Recently, after talking for an hour or two about all the great things about Google Analytics, I received a piercing question from one of the attendees.
"OK I know what Google Analytics does, but what is it for?"
Great question. It's easy to learn about all the things that you can do with Google Analytics without ever understanding why you would do them.
My answer was straightforward, if a bit blunt. "Google Analytics exists for you to know whether people are doing what you want them to do on your website."
That's it really. All the other stuff helps you understand the customer journey - acquisition channels, user behaviour, etc. - but if you aren't measuring whether people are doing what you want them to do, these measures are meaningless.
And so, we have arrived at perhaps the most important part of Google Analytics: Conversions.
What is a conversion? A conversion is an indicator that someone who visited your website has done what you wanted them to do. They have filled out a form. Booked an appointment. Bought something.
A conversion will also, ideally, be something they wouldn't have done otherwise. Then, you can attribute the value you get from the conversion to the advertising, website development and the hard analytics work you've been doing.
A conversion means that you got it right!
So, then, how can you use Google Analytics to track conversions? Well, it's a bit complicated, but below are 3 Quick Facts to get you started. For more detailed coverage of conversions, have a look at our 2-day all-online, live instruction course, Google Analytics Certification which covers this and many other topics in detail.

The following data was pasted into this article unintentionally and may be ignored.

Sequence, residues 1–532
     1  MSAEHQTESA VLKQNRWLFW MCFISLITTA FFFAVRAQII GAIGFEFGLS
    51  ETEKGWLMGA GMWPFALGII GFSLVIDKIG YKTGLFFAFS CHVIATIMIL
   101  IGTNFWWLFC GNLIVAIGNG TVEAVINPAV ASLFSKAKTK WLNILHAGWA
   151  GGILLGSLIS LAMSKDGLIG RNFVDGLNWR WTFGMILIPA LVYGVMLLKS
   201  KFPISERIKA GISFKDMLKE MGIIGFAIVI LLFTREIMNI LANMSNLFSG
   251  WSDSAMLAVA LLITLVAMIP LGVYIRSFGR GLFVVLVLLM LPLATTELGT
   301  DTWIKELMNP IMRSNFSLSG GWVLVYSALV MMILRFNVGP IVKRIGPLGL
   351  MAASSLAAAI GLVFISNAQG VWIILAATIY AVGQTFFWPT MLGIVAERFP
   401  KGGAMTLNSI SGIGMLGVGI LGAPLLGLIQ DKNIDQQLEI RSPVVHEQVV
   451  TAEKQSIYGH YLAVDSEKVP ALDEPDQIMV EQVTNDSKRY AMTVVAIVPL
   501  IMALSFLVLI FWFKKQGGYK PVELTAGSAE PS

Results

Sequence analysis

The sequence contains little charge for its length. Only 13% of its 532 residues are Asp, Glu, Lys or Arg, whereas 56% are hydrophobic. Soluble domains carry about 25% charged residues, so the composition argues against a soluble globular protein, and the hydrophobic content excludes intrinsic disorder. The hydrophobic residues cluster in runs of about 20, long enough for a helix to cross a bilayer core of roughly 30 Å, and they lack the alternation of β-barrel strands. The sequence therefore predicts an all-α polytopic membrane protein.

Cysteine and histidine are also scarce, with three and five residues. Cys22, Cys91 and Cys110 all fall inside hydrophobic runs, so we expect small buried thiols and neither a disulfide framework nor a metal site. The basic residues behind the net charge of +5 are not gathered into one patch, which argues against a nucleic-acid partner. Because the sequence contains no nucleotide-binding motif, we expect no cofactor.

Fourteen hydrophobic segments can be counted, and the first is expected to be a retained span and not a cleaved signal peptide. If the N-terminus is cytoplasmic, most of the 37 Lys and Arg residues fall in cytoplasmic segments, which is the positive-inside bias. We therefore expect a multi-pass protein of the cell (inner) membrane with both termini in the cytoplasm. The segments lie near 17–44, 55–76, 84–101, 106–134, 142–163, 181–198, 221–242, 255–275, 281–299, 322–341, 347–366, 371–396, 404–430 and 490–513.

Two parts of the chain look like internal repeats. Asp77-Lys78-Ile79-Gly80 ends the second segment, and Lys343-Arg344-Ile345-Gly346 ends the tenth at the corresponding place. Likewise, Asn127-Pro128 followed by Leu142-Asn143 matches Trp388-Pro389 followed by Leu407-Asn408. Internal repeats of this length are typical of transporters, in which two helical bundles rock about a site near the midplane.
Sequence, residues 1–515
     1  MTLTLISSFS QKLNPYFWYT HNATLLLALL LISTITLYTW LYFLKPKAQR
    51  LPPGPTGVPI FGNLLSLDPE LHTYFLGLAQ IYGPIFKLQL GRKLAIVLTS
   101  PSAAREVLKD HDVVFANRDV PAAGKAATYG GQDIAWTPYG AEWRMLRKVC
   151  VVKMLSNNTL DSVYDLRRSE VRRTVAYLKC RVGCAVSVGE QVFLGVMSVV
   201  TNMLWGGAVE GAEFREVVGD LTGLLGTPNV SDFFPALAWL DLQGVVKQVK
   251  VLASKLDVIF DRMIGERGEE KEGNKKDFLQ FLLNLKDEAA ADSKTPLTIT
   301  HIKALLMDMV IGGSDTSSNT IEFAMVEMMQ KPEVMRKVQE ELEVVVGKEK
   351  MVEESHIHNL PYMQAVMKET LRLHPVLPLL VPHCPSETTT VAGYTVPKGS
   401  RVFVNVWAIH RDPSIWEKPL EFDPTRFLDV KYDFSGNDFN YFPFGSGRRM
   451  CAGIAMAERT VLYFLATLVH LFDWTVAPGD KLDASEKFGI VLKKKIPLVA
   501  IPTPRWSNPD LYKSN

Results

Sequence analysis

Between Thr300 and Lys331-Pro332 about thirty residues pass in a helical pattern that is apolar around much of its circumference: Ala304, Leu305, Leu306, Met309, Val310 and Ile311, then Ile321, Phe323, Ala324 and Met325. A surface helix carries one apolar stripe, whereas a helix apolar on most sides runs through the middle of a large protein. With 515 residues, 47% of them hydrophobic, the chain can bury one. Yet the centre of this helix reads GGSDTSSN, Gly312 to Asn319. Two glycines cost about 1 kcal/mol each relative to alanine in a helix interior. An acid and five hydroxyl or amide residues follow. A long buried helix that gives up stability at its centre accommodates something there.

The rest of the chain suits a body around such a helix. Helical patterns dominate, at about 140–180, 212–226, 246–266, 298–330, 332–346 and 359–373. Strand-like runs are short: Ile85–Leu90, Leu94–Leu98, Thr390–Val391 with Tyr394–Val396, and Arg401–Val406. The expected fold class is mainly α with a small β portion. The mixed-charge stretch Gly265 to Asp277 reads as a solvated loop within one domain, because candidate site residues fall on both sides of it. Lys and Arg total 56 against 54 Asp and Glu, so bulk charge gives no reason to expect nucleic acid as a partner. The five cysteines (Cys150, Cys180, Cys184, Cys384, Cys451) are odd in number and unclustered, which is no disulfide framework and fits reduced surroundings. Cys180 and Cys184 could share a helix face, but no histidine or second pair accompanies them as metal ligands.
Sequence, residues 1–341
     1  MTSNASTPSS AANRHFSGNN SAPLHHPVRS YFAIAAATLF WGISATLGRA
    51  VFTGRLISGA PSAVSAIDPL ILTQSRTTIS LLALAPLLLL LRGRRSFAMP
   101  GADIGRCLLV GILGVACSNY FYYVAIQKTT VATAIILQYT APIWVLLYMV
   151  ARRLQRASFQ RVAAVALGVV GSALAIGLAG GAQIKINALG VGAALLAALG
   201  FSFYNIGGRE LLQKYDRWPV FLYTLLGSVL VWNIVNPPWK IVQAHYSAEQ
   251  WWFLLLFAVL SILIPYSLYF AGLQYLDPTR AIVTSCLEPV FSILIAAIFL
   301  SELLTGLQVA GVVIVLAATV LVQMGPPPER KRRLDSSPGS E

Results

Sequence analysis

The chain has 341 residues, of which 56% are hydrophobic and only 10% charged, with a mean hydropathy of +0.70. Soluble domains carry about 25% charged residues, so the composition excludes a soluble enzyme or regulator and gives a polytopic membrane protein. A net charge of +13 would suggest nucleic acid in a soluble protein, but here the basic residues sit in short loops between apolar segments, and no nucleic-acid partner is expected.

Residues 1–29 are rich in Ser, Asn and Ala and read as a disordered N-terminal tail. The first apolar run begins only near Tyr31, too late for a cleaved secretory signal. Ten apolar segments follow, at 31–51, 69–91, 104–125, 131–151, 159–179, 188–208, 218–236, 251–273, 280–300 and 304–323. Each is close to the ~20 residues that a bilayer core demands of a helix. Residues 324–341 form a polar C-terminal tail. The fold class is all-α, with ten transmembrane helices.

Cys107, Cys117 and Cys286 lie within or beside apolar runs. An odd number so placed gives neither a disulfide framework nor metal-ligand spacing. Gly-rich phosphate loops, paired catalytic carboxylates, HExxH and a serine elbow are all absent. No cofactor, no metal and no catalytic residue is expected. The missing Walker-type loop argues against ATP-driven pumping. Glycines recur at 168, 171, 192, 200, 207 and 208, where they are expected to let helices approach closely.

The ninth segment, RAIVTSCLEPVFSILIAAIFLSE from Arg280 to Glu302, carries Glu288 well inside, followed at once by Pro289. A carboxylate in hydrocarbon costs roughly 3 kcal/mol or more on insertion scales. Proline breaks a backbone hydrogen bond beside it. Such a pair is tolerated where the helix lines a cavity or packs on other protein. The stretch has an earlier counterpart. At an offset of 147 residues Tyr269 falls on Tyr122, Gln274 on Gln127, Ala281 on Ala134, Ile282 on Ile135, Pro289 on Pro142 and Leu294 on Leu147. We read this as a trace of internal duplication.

1) There are two types of conversions: Goals and transactions
So the first thing to know about conversions is that Google Analytics has two types.
The first are called 'Goals'. Goals are conversions which are configured by you and then subsequently tracked and reported by Google Analytics.
The second type of conversion is an Ecommerce conversion or a 'transaction'. Transactions are conversions which are included as part of the ecommerce module and are automatically enabled when you enable Ecommerce for a view.
Google Analytics Ecommerce is a topic for a future post, but what you need to know now is that if you are using Google Analytics-enabled Ecommerce, then you don't need to use Goals - Ecommerce handles your conversions.
How do you know if you are using Ecommerce? You can simply check in Admin / View / E-commerce Settings. Is Enable E-commerce 'on'? Then it is likely that you are. If it is off, then you are not using Ecommerce.
2) You create Goals in Admin / View / Goals
So let's say that you aren't using ecommerce. What do you need to do to get Goals working in Google Analytics?
First, off you need to visit Admin / View /Goal.
Then click on '+ New Goal'.
Here you have 3 sections to fill in:
1) Goal setup
This is an unnecessary list of Templates which, when selected, fill in a few fields in the rest of the goal configuration screens.
Choose 'Custom' and 'Continue'. I assure you it's the right thing to do.
2) Goal description